High-Tech Sherlocks For Britain
If he were solving cases today, Sherlock Holmes wouldn't worry about a plodding Inspector Lastrade looking over his shoulder.
Today the legendary sleuth would have to contend with a squad of eager young detectives determined if necessary to pursue Professor Moriarty and his ilk all the way from England to Eastern Europe. They could pelt Holmes with facts they had gleaned from an electronic intelligence network. And they would use secure mobile phones to keep in touch with their colleagues in Britain and beyond.
The government of Prime Minister Tony Blair has decided to fight crime the American way, choosing the Federal Bureau of Investigation (FBI) as its model for a new national agency with orders to roll back the rising number of drug-running and other offenses.
A leaked British government report last year said people were more likely to be victims of violent crime in England and Wales than almost anywhere else in the developed world. Burglary and stolen cars were the biggest problems. "Contact" crimes - robbery, assault, and sexual attacks on women - were running at rates comparable to the United States. (Homicides, however, were down.)
For the first time, a police force covering all of England and Wales and with a mandate to operate in the countries of continental Europe, will combat organized crime.
Some 1,450 specially selected detectives of the newly formed National Crime Squad (NCS), headquartered in London, began operating April 1.
The changes, ordered by Home Secretary Jack Straw, are designed to stop criminals from playing the six poorly coordinated regional crime squads against one another. Instead, criminals will face a well-funded national police agency with close links to forces in continental Europe.
The NCS will have the help of a reorganized National Criminal Intelligence Service (NCIS), which also owes a lot to the FBI's experience in tracking offenders across state lines.
NCS Director-General Roy Penrose estimates that 60 to 70 percent of his force's work will be drug-related. He says he is already establishing cross-border ties with other European police forces.
"We had to match the changing pattern of British crime," Mr. Penrose says. There are as many as 200 organized British criminals and their gangs, he says, and "keeping track of them will inevitably lead us into other European countries." Modern telecommunications and easy travel mean that British criminals have little trouble quitting the country for the Continent.
Penrose says a large number of British criminal gangs involved in the drug trade have moved to the Perigord region of south-central France. Others use the Costa del Sol in Spain as a base of operations. "In both areas they are able to blend in with expatriate Britons who live there legitimately," he says.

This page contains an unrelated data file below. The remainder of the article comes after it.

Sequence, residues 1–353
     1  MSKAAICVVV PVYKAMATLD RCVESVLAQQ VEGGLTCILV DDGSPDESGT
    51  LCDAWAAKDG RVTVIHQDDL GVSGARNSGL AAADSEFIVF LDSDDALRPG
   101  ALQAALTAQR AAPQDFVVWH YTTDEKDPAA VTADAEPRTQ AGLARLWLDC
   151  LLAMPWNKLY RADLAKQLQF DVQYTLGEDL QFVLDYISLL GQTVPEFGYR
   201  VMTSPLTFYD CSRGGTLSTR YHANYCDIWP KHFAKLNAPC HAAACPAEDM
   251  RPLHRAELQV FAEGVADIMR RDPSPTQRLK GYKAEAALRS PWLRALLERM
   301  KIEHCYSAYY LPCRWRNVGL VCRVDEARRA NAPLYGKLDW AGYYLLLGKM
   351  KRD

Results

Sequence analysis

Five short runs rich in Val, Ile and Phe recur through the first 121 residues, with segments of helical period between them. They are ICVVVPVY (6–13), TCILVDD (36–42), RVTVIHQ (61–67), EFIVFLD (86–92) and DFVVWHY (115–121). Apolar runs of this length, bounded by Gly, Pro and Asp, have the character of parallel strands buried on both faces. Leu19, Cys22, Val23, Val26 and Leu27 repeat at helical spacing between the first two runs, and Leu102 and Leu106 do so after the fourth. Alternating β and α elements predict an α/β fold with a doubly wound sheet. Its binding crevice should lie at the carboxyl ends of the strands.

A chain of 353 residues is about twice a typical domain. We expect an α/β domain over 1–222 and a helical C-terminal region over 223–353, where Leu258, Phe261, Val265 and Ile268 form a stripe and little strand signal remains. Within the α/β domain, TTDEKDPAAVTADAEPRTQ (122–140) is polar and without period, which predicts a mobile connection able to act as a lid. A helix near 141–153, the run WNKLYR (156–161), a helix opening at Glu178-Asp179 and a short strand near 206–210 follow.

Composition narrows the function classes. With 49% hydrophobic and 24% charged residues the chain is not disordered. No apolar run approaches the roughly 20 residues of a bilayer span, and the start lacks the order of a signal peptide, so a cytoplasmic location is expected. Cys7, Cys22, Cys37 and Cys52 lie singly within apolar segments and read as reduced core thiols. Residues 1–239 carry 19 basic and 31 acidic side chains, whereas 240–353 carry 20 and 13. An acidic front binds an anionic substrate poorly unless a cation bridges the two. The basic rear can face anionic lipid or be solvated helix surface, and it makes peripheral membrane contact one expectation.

As an example of the kind of cross-frontier cooperation he wants the NCS to pursue, Penrose cites the case of Curtis Warren, a drug dealer who originally operated in England, then moved to the Netherlands to escape a rival gang. Mr. Warren was apprehended there, and last year was given a 12-year jail term.
By switching to an FBI-style approach to crime-busting, the British are abandoning a tradition going back 150 years. The first police forces were strictly local. There are still 43 of them (Scotland Yard, serving London's metropolitan area, is the most famous) and they jealously guard their "patches."
Also, Britons still harbor a nostalgic image of the "bobby on the beat" - an officer wearing a dome-shaped blue helmet and a genial smile, and with only a short truncheon for self-defense.
The 1960s TV series "Dixon of Dock Green," with an avuncular actor playing the local constable, is still regarded by many Britons as the epitome of policing. Currently there is one officer pounding the pavement for every 8,000 citizens. Even today, police officers on the beat carry no guns. A rising number, however, are being trained as marksmen, and special-weapons-equipped "reaction units" are available for dealing with armed criminals.
Friendly local policing will continue, says Home Secretary Straw, but before the Blair government came to power nearly a year ago, he and his leader warned that fighting drug-related crime nationwide would be a top law-and-order priority.
Last September, Straw got backing from London police, who commissioned a study that concluded their "current ability to investigate crime is in serious decline."
In one respect, the NCS may suffer a handicap compared with the FBI. The American crime-fighting agency has its own integrated intelligence-gathering arm. For the moment, at least, the NCS and NCIS will operate alongside each other and under separate command. Penrose has offered assurances that, like the FBI, the NCS will aim to employ only detectives who are "untouchable." This may prove easier said than done.
Penrose and other police chiefs admit that existing forces harbor significant numbers of corrupt officers whom current regulations make it difficult to discover and punish. Penrose says British gangs in the past have used disgraced former police officers to obtain inside information on the activities of regional crime squads.
Sounding more like Eliot Ness than Inspector Lastrade, he says: "We are taking special measures to weed out corruption, and I shall be absolutely ruthless in dealing with dishonest officers."